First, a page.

Now is a great time to consider a career in nursing. The World Health Organization (WHO) has designated 2020 the Year of the Nurse. You might wonder what you can do with a nursing degree.
As the baby boomer generation ages and chronic conditions like obesity and diabetes become more common, nurses are increasingly in demand.
It is estimated by the Bureau of Labor Statistics that employment for nurses will grow 12 percent from 2018 to 2028, which is much greater than the average for all occupations.
There is no shortage of career options for those with a Bachelor of Science in Nursing degree. And nurses who earn this degree are poised to take on leadership roles with higher levels of responsibility.
These days, employers prefer to hire nurses with a BSN over those with an associate degree. In fact, many states require it.
Why BSN vs. ADN?
An associate degree in nursing (ADN) program takes roughly two years to complete and emphasizes clinical skills application. Because these programs are less time-consuming and less expensive than traditional BSN programs, in the past ADN programs were the preferred path to enter the nursing workforce.
Today, however, employers see the value in having more BSN-educated nurses on staff. A BSN education offers a well-rounded curriculum covering nursing research, disease prevention, informatics, patient advocacy and more. Nurses with a BSN have a better understanding of how economic, social and other issues affect both patients and the health care system.
It is also worth noting that the American Association of Colleges of Nursing (AACN) now recognizes a BSN as the minimum education requirement for professional practice.
Start Where You Are
If you already have a bachelor’s degree, you don’t have to start from scratch to earn a BSN. The University of the Incarnate Word in San Antonio offers an Accelerated Bachelor of Science in Nursing (ABSN) track, where students with a non-nursing bachelor’s degree can earn a BSN in as few as 16 months.
Let’s talk about what you can do once you have earned a nursing degree.
Work in a Hospital
Hospitals are the number one location in which nurses work, according to the Bureau of Labor Statistics. In fact, 60 percent of all nurses work in a hospital. Here is just a sample of the types of nursing practiced in a hospital setting:
Med-surg stands for medical-surgical nursing. Med-surg nurses care for patients after surgery or those with health problems such as diabetes or heart failure.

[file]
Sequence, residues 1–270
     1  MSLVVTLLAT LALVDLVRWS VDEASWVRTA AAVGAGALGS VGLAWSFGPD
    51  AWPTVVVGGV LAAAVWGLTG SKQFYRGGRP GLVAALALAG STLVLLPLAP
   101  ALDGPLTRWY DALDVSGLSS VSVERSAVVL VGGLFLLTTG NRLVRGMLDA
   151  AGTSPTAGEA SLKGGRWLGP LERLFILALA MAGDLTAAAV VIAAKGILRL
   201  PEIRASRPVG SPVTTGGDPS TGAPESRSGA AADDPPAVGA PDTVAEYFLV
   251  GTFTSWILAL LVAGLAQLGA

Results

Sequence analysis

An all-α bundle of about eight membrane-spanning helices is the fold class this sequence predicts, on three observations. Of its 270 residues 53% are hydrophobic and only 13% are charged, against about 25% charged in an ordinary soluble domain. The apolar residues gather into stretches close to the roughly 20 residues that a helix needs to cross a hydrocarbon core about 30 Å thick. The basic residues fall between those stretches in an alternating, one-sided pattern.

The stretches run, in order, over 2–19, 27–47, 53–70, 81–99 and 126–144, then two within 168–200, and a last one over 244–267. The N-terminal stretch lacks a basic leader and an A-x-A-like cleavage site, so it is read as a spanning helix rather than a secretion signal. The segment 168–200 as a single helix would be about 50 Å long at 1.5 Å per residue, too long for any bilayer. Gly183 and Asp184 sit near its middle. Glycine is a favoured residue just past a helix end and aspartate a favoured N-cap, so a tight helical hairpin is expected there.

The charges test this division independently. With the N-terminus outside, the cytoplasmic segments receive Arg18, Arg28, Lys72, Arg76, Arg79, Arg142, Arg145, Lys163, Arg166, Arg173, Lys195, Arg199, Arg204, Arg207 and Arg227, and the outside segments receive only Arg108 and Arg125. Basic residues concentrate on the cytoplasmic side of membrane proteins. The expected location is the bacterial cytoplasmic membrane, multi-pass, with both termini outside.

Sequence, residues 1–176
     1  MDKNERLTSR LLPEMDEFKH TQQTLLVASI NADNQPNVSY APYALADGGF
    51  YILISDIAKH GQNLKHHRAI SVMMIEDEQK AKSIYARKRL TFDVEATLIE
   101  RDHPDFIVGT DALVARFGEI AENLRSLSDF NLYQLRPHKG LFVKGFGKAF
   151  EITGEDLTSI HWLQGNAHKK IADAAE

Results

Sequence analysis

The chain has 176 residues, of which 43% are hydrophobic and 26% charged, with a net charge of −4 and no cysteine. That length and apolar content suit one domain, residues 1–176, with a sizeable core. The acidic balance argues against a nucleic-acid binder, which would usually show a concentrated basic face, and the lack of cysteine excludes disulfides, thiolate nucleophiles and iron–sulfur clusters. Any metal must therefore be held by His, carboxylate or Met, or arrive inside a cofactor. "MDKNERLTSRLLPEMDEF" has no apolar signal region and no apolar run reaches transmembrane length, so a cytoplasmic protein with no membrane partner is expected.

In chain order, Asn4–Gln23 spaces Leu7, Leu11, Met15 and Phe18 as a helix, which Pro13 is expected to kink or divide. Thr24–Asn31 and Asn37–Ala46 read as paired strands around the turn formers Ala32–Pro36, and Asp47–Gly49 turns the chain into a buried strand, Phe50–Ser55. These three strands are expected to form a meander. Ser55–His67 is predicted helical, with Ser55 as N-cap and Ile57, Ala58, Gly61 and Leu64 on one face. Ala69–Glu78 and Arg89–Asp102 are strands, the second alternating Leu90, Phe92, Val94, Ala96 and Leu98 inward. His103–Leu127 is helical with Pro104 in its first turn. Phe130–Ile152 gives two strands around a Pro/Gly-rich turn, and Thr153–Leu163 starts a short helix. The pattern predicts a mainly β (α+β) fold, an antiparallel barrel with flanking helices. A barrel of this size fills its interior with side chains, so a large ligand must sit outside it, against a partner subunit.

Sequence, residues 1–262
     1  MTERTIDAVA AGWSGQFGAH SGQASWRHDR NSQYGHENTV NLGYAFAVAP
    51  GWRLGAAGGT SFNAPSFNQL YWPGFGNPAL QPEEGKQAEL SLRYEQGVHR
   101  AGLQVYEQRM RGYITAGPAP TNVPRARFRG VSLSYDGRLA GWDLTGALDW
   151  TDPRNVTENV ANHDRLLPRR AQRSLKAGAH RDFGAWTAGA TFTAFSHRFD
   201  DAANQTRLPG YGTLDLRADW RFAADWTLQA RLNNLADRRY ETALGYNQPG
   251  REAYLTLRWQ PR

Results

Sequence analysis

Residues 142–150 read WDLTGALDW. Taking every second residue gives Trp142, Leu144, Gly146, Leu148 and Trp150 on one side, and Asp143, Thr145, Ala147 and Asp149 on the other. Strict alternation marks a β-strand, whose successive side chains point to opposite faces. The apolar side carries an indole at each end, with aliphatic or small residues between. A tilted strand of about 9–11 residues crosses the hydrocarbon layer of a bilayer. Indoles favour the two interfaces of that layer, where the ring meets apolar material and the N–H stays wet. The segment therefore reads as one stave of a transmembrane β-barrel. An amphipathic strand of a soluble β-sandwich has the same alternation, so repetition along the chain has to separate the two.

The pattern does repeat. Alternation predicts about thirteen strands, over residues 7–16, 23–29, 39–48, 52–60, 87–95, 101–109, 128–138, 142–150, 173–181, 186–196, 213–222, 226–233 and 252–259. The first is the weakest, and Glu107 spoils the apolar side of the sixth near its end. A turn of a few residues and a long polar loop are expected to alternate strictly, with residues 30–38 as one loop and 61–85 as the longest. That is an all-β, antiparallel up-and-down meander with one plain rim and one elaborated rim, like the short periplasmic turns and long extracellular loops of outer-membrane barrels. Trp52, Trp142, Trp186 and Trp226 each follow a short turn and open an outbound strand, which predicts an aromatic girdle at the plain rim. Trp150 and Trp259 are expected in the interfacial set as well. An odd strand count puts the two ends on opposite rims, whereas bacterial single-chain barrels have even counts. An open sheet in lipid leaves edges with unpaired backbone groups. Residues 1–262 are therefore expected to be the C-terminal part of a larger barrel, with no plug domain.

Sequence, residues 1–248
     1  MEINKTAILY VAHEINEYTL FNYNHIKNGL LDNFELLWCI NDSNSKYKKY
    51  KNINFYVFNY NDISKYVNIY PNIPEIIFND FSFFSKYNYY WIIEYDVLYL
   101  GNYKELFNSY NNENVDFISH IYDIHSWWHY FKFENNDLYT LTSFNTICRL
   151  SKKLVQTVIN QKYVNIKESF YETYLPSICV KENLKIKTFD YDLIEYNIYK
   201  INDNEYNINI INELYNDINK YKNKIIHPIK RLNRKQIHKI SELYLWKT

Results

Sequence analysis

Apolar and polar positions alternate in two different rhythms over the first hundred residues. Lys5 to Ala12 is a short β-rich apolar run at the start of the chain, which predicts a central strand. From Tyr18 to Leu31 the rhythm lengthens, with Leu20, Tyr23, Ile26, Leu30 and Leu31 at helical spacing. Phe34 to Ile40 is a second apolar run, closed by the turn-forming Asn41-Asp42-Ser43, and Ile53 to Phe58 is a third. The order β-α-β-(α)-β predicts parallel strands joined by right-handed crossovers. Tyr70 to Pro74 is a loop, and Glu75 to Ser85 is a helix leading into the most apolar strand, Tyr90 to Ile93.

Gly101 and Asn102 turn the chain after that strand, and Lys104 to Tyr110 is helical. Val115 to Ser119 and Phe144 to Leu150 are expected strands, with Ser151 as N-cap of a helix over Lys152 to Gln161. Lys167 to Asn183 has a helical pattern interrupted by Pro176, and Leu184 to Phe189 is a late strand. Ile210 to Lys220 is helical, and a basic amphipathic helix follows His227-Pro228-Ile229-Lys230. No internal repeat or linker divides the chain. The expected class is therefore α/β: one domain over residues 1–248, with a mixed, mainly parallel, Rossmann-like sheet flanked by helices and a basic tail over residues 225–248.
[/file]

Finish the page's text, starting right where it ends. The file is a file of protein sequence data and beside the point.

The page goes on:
According to the Academy of Medical Surgical Nurses (AMSN), med-surg nursing is the largest nursing specialty in the country. It is a good avenue for newer nurses, as it provides a wide array of experiences. To be a successful med-surg nurse, you should be eager to learn, adept at multitasking and able to stay flexible.
Duties of a med-surg nurse include:
- Assessing patient health conditions
- Monitoring patient status
- Starting IVs and inserting other devices
- Changing dressings and bandages
- Administering medications
- Charting and documenting patient information
- Teaching patients how to manage their condition
- Admitting and discharging patients
Nurses in the hospital’s emergency department help assess, stabilize and triage patients. This role requires you to think quickly while remaining calm under pressure. Successful emergency department nurses appreciate the fast pace and challenge of handling a broad spectrum of patients. And they don’t let the emotions of trauma patients affect their mindset.
Emergency department nurses evaluate the extent of patients’ injuries and create a plan of action to stabilize them — all while balancing the needs of other patients.
Typical tasks of an emergency department nurse include:
- Medication administration
- Fluid resuscitation
- Blood transfusions
- Wound care
- Device placement
A focus on pediatric nursing is perfect for those who love kids and can communicate well with families. Pediatric nurses must listen and observe non-verbal cues, understand the needs of children and exhibit care for parents and other adults in their patients’ lives.
Tasks of a pediatric nurse include:
- Assessing conditions
- Recording symptoms, histories and observations
- Administering medications and treatments
- Helping with diagnostic tests and analyzing results